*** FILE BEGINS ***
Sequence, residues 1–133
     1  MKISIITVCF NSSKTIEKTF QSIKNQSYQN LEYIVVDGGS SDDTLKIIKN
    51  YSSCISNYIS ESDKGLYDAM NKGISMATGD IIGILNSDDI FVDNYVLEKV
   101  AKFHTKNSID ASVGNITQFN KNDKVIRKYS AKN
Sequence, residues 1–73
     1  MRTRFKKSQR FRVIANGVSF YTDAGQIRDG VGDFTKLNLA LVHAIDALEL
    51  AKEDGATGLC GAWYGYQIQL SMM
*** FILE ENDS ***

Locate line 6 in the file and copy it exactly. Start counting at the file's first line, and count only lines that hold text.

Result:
     1  MRTRFKKSQR FRVIANGVSF YTDAGQIRDG VGDFTKLNLA LVHAIDALEL